His brother Andrew (age 11) was right behind him reading 1 John 4:19-21. Second grader Joelle added John 3:16-17.

Fellowship with One Another

Our church met at a local retreat center where we shared a meal, played some fun games and spent some time singing. Ranging in age from 23 months to 60 years, we sat in a circle as the Spirit of God spoke to us and through us.

Beth and a few others told some stories about where they are seeing God at work. Others led the group in songs and choruses prompted from the scripture passages. Twenty-three month old Jack danced and clapped as we sang “Father We Adore You.” Joni said that she was suddenly reminded of a scripture song she learned as a young girl but couldn’t remember the tune. As soon as she finished quoting the words Dalia, Ardie, and Rebekah, were singing it. Testimonies were given about memorizing scripture songs as children. Sandi played her guitar and we worshiped as she sang from her heart.

Instructing One Another

Sitting in Tio David’s lap, four year old Johnny was learning from the example of his elder in Christ. He wanted to share a scripture. He pointed to one on the page and repeated two or three words at a time as David read the scripture . . .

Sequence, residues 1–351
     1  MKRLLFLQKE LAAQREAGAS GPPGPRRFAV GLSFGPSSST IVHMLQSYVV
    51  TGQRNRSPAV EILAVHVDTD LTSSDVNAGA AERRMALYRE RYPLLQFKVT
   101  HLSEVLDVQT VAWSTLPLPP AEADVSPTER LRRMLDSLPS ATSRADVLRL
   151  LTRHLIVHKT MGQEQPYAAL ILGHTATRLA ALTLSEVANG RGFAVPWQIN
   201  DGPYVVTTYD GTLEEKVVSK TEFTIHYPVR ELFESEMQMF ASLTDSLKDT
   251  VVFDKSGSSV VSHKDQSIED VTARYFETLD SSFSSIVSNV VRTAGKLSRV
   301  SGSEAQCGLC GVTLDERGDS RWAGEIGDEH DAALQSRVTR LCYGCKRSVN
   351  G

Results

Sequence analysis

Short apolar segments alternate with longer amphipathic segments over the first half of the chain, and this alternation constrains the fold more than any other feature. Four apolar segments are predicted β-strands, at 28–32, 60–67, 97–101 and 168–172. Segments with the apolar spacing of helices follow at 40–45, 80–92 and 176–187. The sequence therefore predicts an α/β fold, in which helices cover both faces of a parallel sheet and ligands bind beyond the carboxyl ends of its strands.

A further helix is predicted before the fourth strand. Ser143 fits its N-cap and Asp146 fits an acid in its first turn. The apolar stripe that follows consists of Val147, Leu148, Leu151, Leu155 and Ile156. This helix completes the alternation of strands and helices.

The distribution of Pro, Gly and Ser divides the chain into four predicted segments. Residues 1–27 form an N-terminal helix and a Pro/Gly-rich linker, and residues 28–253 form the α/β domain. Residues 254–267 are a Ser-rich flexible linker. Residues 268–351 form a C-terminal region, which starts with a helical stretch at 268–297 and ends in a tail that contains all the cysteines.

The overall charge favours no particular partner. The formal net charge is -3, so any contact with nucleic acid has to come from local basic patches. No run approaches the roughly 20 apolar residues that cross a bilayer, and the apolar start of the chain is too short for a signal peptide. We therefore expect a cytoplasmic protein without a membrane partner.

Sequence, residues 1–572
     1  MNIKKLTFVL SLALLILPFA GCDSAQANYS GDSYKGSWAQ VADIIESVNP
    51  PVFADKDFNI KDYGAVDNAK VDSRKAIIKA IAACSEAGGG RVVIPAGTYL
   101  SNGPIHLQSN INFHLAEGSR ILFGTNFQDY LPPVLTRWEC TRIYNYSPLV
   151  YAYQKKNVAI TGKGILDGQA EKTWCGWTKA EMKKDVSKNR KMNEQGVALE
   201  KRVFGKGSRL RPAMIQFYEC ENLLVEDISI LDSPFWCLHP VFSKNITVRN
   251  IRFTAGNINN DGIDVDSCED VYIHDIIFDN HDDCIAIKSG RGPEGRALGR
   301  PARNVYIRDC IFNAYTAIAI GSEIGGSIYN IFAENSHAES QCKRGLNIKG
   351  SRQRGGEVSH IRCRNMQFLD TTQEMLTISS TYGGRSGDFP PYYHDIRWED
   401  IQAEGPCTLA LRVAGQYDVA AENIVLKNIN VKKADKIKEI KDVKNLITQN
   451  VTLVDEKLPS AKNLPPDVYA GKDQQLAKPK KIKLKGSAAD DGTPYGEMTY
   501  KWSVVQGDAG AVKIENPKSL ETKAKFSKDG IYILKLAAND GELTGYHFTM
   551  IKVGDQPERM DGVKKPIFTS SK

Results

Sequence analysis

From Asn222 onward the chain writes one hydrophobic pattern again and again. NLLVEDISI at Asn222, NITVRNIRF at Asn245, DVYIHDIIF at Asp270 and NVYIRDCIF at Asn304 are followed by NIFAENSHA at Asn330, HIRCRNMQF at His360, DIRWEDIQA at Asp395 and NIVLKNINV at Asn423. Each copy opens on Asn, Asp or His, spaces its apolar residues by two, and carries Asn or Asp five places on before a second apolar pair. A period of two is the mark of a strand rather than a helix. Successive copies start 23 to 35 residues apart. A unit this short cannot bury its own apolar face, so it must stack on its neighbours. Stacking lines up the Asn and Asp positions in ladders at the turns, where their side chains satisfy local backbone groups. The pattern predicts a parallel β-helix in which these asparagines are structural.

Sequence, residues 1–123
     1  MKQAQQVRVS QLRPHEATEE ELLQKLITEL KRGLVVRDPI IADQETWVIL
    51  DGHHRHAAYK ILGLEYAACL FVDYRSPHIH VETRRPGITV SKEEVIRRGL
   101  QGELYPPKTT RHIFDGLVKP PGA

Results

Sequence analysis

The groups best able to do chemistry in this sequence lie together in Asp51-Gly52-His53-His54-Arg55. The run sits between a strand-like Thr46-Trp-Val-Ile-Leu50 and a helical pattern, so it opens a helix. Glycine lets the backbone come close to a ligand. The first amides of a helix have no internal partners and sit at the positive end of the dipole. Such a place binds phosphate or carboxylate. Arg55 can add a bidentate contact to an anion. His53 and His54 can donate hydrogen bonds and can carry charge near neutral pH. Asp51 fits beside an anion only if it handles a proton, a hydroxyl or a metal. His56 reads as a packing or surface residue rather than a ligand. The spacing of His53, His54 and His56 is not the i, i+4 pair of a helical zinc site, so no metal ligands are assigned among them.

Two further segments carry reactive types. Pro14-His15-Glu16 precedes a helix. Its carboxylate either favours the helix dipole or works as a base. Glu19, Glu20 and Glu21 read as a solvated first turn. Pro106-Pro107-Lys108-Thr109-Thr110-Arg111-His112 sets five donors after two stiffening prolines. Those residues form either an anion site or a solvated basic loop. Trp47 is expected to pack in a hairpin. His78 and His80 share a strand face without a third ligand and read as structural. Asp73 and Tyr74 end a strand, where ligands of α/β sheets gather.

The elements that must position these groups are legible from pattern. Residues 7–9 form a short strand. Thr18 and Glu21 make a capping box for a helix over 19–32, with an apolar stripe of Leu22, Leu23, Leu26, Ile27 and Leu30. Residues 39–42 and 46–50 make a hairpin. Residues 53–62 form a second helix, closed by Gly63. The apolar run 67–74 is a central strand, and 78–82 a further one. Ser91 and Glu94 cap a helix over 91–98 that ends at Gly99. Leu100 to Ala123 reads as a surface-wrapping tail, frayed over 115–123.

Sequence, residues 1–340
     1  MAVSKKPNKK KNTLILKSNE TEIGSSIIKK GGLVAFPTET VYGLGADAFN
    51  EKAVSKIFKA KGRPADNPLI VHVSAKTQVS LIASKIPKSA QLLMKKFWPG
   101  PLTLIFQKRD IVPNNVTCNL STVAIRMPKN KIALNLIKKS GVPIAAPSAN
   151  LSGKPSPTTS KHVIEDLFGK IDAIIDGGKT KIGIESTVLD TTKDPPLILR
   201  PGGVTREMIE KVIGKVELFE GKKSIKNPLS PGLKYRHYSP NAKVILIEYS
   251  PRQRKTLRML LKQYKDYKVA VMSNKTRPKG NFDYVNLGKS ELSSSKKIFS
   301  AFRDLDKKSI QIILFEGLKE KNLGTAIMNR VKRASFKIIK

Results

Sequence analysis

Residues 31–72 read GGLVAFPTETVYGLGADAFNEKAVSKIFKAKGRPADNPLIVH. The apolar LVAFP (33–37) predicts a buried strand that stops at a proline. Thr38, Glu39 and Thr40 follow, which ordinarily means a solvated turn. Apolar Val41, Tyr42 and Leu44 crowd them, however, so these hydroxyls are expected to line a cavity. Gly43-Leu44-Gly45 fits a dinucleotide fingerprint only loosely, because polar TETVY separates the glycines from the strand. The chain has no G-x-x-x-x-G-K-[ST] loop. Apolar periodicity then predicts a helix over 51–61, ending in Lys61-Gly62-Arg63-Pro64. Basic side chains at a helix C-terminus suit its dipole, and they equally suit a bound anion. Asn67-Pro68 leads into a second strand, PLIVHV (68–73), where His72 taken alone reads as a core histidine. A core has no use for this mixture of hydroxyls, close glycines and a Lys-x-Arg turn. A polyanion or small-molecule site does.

The Father himself…loves you…because…you have loved me…and…have believed…that I came from God. (John 16:27)

Praying with and for One Another

To close we asked for three people to pray. Bill opened with praise for the love God has shown us and His allowing us to respond to that love. Lucas chimed in thanking God for loving us first. Our hearts joined his as he prayed the scripture passage he and his brother had read earlier. Jonathan closed with a confession for himself and all of us about our lack of being aware of opportunities to love others.

Click on last week’s post, My One Another Community, to review a partial list of scripture admonitions.

Grace and Peace,
Terry

Join the Conversation: What do you think are some of the values of participating with one another as described above?